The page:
This is a matter of a great deal of debate. No one really knows for sure.
The most common answer today is that the freed slaves were very important in shaping life after the war. They are given credit for reestablishing family structure that had been hurt by slavery. They are given credit for starting black churches that would become a pillar of the black community.
They are not, however, usually portrayed as having had much to do with the government of the South during this time. This is a backlash against previous views of the subject that said that governments in the South were terrible because they were controlled by blacks who lacked the education and experience to be good legislators. Today, most historians see Reconstruction as a failure and they tend to lay the blame at the feet of whites, both Northern and Southern.
Some scholars, notably Thomas Holt (himself African American) argue that blacks did have a great deal of influence in government as well. Holt argues that black elites are to blame for the problems of other blacks because they looked down on the lower class blacks and did not do much to help them.
Overall: most historians give credit to blacks for shaping their own lives but do not blame them for the problems of Reconstruction. (You can see this approach in the first answer posted here.) Some revisionist scholars have started to argue that black elites, at least, deserve more blame than they get.
Following the Civil War The Emancipation Proclamation set an end to slavery. One of the most significant contributions by African Americans during the period was the aid they provided to help to educate former slaves. Many of the slaves had been denied the opportunity to read and write. Education was the key to enabling them to be able to better understand the white society and to begin to find a place among the hostile environments they entered.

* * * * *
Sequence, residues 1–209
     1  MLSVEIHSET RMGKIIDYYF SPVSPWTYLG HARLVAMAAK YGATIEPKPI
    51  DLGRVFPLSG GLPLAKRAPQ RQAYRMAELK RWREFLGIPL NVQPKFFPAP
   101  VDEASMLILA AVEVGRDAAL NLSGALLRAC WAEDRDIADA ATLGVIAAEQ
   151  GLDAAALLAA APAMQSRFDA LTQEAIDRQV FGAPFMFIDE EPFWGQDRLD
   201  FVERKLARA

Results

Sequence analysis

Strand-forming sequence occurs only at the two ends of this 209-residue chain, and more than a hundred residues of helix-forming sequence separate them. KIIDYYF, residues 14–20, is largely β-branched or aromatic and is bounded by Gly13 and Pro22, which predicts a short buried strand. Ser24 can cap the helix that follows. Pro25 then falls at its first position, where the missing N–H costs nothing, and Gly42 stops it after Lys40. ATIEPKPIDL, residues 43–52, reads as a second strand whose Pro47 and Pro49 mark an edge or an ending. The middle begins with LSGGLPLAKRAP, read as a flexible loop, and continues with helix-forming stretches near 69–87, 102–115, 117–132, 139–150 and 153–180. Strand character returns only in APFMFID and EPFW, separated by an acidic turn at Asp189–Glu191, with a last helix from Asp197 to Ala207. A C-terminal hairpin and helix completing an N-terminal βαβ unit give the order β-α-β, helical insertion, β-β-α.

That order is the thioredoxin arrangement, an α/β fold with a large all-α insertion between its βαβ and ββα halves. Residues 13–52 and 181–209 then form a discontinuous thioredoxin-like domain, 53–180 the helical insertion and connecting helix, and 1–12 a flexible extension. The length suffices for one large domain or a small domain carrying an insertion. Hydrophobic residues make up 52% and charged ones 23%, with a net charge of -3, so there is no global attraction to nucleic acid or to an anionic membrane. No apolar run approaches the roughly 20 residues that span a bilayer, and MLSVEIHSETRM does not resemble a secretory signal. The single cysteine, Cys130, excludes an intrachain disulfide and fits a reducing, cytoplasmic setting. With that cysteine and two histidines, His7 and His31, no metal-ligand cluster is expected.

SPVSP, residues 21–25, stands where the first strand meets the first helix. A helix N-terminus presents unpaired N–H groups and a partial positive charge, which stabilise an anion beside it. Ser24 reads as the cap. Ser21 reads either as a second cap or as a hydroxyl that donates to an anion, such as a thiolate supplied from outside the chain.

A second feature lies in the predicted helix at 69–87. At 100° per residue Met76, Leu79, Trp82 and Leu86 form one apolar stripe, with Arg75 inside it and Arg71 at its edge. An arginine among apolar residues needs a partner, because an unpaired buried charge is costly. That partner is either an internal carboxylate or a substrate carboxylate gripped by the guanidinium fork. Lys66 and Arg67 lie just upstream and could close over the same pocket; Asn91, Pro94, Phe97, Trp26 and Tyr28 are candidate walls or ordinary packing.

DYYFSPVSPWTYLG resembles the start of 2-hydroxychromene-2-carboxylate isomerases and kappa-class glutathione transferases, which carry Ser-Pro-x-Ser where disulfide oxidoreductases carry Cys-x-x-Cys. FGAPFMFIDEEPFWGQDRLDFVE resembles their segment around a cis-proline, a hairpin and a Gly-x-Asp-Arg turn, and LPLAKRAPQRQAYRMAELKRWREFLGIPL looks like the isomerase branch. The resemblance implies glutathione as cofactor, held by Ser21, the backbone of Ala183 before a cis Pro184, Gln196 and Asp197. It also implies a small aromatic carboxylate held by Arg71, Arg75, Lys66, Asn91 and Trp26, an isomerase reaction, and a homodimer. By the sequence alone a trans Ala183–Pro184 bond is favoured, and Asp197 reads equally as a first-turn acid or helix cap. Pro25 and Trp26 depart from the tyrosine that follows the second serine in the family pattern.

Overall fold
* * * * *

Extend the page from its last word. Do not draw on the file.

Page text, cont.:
For the first time in America, black men were given the right to hold political office although it was not without struggle. Many helped to shape political policies. Booker T. Washington helped to establish a school where former slaves could learn hire-able skills. Black families were able to shape their own family structure. Formerly they had been split apart due to slavery. They could now determine who to live with as family members.
Former slaves were under terrible pressure to join work gangs but their desire not to return to a pattern of work reminiscent to slavery led to changes politically and economically. Black Americans began to emerge with more funds and political ties.
The African American influence and their refusal to allow the South to fall back to previous patterns guided the resolutions of race which we have today and paved the way for the offices, education, and rights that all Americans share.